by Roderick Heath
Continued from Part Two (1969-1989)
Part Three: 1990-Present
1. Independent's Day: The Reign of Quirk
Australian cinema in the past twenty years has often looked like a manifestation of a culture constantly trying to second-guess itself. Faced with a narrowed era of multiplexes and blockbusters, moviemaking in Oz has failed, in spite of the occasional spotlights falling upon it, to gain even the kind of effective niche that British or French films had managed to carve in the modern cineaste panorama, and the fact domestic audience could rarely be counted upon to give necessary support stirred the question as to whether that support ought to be given automatically or first earned.
On top of this, the always problematic issue of how and what films to sell to the public has become all the more confusing, leading to fractious partisan battles of rhetoric. In the early 2000s, Ray Lawrence's Lantana was seen as a nuanced, grown-up alternative to a small avalanche of modest TV-derived comedies and in-your-face provocation; by the decade's end, further attempts to make grown-up, sober-minded dramas were being blamed in media critiques for dampening the industry's ever-ailing chances in being "depressing."
In the 1990s and the new century, actors and technicians often trained by government-fostered schools gained much respect and increasing employment overseas, and many have repeated the old pattern of talents establishing themselves at home and then heading overseas, perhaps returning if their gambits failed, to confront an ever more competitive field of up-and-comers: in short, the infrastructure to produce people who could make movies set up in '70s had produced strong results, but had finally failed to build a vital local film culture. Meanwhile Hollywood companies set up studios to produce movies more cheaply, with Warner Bros. building a complex near Brisbane and then Fox in the heart of Sydney, giving local technicians and actors easy employment in large-budget productions. Often, this had siphoning effect of local effort and expertise, although it could, more subtly, have done much to promote some of that talent: certainly a strange hybrid like Baz Luhrmann's large-budget, big-hype Australia (2008) could not have been imagined without this cross-pollinating effect.
Aesthetically speaking, too, modern Australian cinema had atomized, as producers searched for sure things, for next big things, for artful movies that have popular appeal, for themes that connected to the zeitgeist, often to arrive belated and bedeviled, without anything like the assurance of the '70s. Attempts to make movies about things that encompassed average suburban existence, petty crime, drug use, gay life, family life, survival, wandering, working and having fun, in a usually, resolutely, contemporary context, became the new norm, but also presented fresh clichés and fads.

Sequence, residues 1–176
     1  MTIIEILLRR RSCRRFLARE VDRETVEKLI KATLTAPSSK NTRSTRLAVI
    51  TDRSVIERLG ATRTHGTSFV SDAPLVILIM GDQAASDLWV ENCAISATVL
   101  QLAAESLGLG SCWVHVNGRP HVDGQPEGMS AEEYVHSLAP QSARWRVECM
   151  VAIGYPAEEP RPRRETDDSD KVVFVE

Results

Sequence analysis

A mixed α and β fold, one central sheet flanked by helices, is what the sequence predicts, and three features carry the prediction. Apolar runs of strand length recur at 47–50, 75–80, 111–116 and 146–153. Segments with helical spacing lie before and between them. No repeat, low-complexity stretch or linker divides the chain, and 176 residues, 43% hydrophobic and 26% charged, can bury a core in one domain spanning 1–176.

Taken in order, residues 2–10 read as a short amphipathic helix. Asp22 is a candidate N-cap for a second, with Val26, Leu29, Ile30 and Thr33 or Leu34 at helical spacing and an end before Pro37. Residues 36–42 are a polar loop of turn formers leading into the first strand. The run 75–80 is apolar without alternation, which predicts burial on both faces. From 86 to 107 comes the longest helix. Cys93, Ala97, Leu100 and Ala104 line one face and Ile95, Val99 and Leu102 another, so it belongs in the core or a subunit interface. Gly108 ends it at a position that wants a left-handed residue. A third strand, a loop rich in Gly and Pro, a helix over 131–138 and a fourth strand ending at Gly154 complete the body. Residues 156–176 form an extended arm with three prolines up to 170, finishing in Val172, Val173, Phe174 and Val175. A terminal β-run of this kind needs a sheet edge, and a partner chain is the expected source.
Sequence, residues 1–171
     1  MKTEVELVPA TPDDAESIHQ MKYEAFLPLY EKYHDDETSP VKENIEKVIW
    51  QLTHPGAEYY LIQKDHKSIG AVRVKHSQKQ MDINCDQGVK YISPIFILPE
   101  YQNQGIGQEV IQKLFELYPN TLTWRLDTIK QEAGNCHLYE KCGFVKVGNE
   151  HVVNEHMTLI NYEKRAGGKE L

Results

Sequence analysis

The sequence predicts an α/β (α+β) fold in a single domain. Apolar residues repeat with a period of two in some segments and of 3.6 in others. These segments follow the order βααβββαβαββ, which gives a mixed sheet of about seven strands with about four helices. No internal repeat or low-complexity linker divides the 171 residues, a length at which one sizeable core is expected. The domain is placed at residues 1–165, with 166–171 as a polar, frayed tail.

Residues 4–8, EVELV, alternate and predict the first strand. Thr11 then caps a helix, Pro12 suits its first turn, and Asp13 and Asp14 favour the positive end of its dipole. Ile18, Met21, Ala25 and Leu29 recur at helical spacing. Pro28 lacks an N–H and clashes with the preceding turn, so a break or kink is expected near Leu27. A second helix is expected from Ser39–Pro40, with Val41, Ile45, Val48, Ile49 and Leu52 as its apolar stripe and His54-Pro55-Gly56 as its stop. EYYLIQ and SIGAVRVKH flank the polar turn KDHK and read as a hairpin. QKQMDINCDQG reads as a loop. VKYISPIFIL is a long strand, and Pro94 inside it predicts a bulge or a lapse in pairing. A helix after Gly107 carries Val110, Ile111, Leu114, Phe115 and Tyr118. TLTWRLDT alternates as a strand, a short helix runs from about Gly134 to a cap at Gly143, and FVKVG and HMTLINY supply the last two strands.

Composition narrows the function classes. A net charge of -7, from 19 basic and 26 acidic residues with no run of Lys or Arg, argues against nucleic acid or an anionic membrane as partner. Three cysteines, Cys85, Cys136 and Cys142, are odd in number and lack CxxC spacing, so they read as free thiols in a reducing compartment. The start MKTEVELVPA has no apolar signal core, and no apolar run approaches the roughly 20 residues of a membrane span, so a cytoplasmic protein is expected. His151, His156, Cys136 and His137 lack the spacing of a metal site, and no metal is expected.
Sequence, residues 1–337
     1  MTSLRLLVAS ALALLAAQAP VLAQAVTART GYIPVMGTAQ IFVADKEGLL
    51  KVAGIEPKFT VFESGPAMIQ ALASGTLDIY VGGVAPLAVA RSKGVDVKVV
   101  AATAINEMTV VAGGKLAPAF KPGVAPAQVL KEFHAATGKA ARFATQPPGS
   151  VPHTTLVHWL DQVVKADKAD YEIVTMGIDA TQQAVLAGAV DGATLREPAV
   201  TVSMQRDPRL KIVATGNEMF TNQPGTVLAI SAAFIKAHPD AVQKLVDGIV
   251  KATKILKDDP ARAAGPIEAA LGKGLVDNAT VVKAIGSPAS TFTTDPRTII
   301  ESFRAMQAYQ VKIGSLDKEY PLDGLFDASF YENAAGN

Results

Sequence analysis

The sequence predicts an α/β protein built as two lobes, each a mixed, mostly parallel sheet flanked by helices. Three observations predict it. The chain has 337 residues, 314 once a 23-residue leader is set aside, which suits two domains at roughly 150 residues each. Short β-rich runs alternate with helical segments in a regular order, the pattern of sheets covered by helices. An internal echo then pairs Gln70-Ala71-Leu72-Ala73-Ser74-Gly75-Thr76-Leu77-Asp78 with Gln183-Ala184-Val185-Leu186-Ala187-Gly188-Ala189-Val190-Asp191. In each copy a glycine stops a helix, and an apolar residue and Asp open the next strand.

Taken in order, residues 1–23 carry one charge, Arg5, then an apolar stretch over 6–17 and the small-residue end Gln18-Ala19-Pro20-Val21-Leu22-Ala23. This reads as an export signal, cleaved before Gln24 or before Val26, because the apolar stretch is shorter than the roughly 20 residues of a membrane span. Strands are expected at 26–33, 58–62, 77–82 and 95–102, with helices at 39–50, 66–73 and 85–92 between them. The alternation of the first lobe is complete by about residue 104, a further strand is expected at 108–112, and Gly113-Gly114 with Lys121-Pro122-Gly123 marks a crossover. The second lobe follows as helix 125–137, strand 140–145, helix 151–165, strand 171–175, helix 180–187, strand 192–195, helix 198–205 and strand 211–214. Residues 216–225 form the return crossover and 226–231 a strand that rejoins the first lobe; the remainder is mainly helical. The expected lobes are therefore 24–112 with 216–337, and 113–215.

Take, for instance, 2005's Little Fish and Candy, two decent movies, were both about the impact of drug addiction and demimonde squalor, only ten years too late for the grunge chic craze in independent cinema. The stars of those films, Cate Blanchett in the first case, Heath Ledger in the second, had both been to Hollywood to further their careers and used their clout to help get them made. Meanwhile, the cycles of Australian film's booms and busts have, rather than stabilizing, only sped up.
In the early 1990s, that new philosophy in film production and distribution, independent film, became a variety of secular religion with temples at Sundance and Tribeca and Toronto—especially in Australia, where almost all filmmaking was, to a certain extent, independent. And, indeed, Aussie talent began to contribute to that growing ethos. In any event, some brightening of the pall that descended on the industry was detectable at the turn of the '90s, with a handful of mild box-office surprises popping up like Nadia Tass's The Big Steal (1990), John Ruane's Death in Brunswick (1991), and critical darlings including Jocelyn Moorhouse's Proof (1991), and Leo Berkeley's Holidays on the River Yarra (1991)—the latter two of which screened at Cannes. This disparate selection of movies could nonetheless be defined by their distinctly shrunken horizons, all set in inner urban areas and focusing on hard-luck protagonists in the contemporary environment, drab and ordinary.
Of those films, the artiest by far was Proof, a film with a unique if odd idea revolving around a blind man (Hugo Weaving), obsessed with photography in his attempts to substantiate his existence, and his two companions: a cool housekeeper and potential lover (Genevieve Picot), and a young man he befriends (Russell Crowe). The film was acclaimed at Cannes, and director and writer Moorhouse became a figure to watch in parlaying a small budget into a significant success, and also was the key early movie of two of the most successful Australian actors of recent years, Weaving (1960- ), with his slippery sensuality, and Crowe (1964- ), the gruffly charismatic future Oscar-winner.
Crowe had made his feature debut in Stephen Wallace's Blood Oath (a.k.a. Prisoners of the Sun), released the same year, an attempt to explore the anger of Australians towards the Japanese for poor treatment and homicides inflicted on their captured servicemen in WWII, a touchy subject for both countries and awkwardly handled here. Death in Brunswick was a black comedy about a loser chef (Sam Neill) whose involvement with an accidental killing and a younger waitress revives his sense of purpose, and it perhaps most clearly defined a new variety of "quirky" comedy, riddled with flailing fish out water, naïve fools of fortune, dippy fantasists and willful individualists, which would provide some even bigger successes in the near future.
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